I also remember a fun summer spent manually repositioning the heads on a bunch of MFM drives by trial and error which had 'gone faulty' after virus infestation, turned out there was a small grub screw which worked loose on an optical interrupter on the head positioning motor shaft if the drive was particularly hammered (lots of seeks over a short period of time etc). There was an opening of the case and a lot of twiddling and adjusting whilst watching the position of the heads over the platters (not carried out in a clean, dust free environment I hasten to add). As that was one brand of HD, I doubt it was a targeted effect of a virus though, just bad design.

    My memory is vague on this, as I was more hardware design and Sun support..

  • by ChefInnocent (667809) on Tuesday May 20, 2008 @10:04AM (#23475856)
    <pedantic>

    Each time I read this, it gets easier to read the final paragraph. However, it still has at least two issues. The first is the overloading of the v with w which have different sounds. The second is that British English has about 11 non-dipthong vowels (which is really most of the issue with spelling), and the "new spelling system" (let's call it a Rechtschreibung) doesn't really address that. This of course, can also lead to the issues of sh and ch. Although if you left sh as the s symbol, you wouldn't be able to drop a letter from the keyboard. Furthermore, does Z replace th as in thin or th as in than? If it replaces both, there is not advantage to its replacement.

    Since we are inclined to speak of a Rechtschreibung, can we address issues like it's versus its? Perhaps, we can add back some of our missing pronouns (i.e. wit to mean you, I, and maybe others versus I and others, excluding you; to mean plural you). Oh, the list can go on for some time, but if we propose a Rechtschreibung, we should do it right.

    </pedantic>
  • by mengel (13619) <mengel@users.sou ... t ['org' in gap]> on Tuesday May 20, 2008 @10:33AM (#23476344) Homepage Journal
    I recall a friend of mine having a little routine for TRS-80's that would:
    • wait for a key press
    • for decreasing n
      • turn on the tape cassete relay
      • wait n cycles
      • turn off the tape cassete relay
    this would cause an increasing pitch whine, followed by a little whiff of smoke from the cassette relay.

    Something about the people there always saying "there's nothing you can type on the computer that will hurt it..."

  • by element-o.p. (939033) on Tuesday May 20, 2008 @12:31PM (#23478654) Homepage
    Meh. Cisco doesn't have a lot of horsepower either, unless you want to pony up for their really big iron. If you want horsepower, buy a micro-ATX motherboard and a compact flash drive, put a really slimmed down Linux distribution on it, run IPTables to firewall your network and use Quagga to do any routing you need. You'll blow away any Cisco box you can afford, and have ten times the flexibility to boot.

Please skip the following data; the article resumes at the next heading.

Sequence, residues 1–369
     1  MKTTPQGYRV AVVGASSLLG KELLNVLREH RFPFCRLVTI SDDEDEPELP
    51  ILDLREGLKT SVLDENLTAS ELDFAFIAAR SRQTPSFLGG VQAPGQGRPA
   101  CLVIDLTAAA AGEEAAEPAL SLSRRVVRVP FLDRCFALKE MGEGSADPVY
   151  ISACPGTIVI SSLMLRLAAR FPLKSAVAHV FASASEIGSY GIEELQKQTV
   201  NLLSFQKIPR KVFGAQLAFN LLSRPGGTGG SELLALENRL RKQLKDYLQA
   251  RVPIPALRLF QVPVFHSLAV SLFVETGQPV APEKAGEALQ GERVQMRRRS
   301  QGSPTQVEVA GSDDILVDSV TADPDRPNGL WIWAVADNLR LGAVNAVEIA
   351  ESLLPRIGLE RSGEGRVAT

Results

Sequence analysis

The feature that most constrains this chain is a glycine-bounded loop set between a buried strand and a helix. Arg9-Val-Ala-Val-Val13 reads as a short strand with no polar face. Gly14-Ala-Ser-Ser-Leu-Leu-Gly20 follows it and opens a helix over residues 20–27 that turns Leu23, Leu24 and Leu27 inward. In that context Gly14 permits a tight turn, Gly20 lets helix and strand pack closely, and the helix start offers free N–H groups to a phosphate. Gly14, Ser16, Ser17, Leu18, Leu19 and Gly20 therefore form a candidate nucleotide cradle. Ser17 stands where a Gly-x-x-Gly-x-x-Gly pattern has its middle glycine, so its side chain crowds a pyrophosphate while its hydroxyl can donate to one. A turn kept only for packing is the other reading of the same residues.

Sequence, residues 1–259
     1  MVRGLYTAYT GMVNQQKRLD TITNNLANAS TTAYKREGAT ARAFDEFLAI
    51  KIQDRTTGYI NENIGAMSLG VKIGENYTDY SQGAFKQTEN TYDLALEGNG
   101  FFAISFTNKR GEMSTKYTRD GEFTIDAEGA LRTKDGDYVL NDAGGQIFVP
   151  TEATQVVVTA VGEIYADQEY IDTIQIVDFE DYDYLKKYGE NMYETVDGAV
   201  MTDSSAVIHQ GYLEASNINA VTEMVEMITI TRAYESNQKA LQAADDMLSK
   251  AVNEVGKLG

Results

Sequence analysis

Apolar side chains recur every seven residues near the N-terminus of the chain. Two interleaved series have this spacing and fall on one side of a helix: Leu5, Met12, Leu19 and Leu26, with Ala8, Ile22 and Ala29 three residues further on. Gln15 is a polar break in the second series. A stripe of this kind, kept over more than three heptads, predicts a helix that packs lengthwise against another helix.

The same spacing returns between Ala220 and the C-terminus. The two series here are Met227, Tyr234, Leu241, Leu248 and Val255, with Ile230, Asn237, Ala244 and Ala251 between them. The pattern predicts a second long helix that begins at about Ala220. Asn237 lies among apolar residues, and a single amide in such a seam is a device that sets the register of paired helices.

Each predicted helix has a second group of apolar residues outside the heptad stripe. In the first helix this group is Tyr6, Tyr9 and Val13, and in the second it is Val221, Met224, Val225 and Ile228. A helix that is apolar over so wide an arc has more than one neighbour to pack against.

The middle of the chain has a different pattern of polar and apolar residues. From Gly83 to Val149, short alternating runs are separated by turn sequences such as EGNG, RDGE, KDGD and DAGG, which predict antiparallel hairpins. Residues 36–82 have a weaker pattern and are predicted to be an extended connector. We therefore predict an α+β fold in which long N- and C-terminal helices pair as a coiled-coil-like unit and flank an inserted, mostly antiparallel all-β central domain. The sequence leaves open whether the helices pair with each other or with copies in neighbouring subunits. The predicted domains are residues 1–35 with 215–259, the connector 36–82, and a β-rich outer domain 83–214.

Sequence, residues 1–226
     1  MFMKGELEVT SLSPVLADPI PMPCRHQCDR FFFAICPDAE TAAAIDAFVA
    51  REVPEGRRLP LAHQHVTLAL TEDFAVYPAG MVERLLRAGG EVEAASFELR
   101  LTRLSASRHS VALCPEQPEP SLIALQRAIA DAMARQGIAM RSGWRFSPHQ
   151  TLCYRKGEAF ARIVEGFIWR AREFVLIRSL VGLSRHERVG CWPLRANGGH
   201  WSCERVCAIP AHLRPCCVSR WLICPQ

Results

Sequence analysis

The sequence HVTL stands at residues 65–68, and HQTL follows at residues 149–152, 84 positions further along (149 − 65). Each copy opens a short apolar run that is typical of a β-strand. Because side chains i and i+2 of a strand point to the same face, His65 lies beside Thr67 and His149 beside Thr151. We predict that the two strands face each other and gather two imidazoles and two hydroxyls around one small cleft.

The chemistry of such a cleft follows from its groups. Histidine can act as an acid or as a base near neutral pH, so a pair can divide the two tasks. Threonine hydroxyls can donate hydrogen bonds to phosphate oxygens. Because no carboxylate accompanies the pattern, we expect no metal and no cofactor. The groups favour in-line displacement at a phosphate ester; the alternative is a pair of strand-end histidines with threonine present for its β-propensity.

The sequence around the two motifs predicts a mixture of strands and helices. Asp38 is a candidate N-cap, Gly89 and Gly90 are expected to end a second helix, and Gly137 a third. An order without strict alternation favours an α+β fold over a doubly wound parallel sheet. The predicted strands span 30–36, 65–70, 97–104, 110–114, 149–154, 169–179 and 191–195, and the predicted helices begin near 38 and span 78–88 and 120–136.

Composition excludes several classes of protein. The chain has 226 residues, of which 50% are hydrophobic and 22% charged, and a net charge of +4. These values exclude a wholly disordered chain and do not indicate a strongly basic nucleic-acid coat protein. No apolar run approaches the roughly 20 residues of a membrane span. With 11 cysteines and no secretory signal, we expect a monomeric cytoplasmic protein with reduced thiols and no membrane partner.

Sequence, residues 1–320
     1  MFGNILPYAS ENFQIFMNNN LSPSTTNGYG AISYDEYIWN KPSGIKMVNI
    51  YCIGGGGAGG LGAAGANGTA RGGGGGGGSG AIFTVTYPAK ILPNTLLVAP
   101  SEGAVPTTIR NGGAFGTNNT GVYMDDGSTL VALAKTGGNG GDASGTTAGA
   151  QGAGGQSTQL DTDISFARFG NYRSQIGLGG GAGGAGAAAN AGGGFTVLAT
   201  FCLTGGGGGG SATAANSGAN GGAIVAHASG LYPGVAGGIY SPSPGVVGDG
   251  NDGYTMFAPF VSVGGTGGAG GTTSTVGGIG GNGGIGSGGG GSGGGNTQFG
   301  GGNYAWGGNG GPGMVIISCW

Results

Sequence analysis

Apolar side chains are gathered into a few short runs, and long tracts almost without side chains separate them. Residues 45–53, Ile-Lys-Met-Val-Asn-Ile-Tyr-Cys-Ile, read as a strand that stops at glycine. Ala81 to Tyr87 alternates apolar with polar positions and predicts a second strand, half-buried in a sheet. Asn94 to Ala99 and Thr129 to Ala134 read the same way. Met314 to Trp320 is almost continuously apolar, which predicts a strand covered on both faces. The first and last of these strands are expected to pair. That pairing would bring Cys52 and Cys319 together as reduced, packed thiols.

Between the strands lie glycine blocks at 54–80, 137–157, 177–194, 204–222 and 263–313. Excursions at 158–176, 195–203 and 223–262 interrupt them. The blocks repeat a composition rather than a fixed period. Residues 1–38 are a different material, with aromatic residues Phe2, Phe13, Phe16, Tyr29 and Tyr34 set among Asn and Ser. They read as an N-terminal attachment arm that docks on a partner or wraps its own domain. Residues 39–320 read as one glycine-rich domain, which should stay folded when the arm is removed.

Not that comfortable with doing it yourself? Buy an http://www.imagestream.com/ [imagestream.com]ImageStream Envoy or Transport, then. It'll cost you a little more (I think a brand new Transport is about $800, but the Envoy is a lot less), and it'll smoke any Cisco up to 3-5X the price :)
  • by Anonymous Coward on Tuesday May 20, 2008 @03:47PM (#23482146)
    I ran into a virus that did this over 15 years ago. It would sucessfully exploit a a particular bios (I'm not sure to what end) but most systems it would just brick.

    We went through several Motherboards before we realized what was going on. At with point we removed the "enable flash update" jumper from the board and were able to clean the virus out.
  • by jc42 (318812) on Tuesday May 20, 2008 @05:17PM (#23483602) Homepage Journal
    When I was at the U of Wisconsin back in the 1970s, the central campus Computer Center had a Univac system. An EE prof (or his students ;-) got circuit diagrams and did some analysis. He announced that there was a bug: If a particular (unlikely) sequence of instructions was executed, they would fry a transistor in the CPU. Rather than thanks, he got ridiculed and insulted by the Univac CS people (and a lot of people on campus). So he announced that he'd run a test. He submitted a job that included a chunk of assembly language with the sequence. The machine promptly halted and couldn't be rebooted. The CS engineers looked into it, and found that a transistor had been fried.

    These days, though, I suppose that he'd probably be charged with something. The smart thing to do if you learn of such bugs is probably to not notify anyone, especially not the vendor or your employer. Instead, you quietly offer the information (for a price of course) to various "interested parties" for whatever use they'd like to make of it.

    Another time, some students figured out a bug in Univac's tape drives. They found code that sent commands to spool forward and rewind with timing such that the drive did both - which snapped the tape. They were also not believed, so they demoed it. They submitted a job that asked for a scratch tape, wrote a few KB of data, and snapped the tape. Then it asked for another scratch tape. It didn't take too many tapes before the operators figured out that they should call in the CS people.

    I'll bet that others here have a bunch of similar stories. And nonetheless, a future story will be the patenting of using such bugs for "PDOS" attacks. Probably by our favorite whipping boy, Microsoft, who will patent such attacks as a way of enforcing licensing restrictions or DRM.

    Maybe the fellow the story is about can get the patent first ...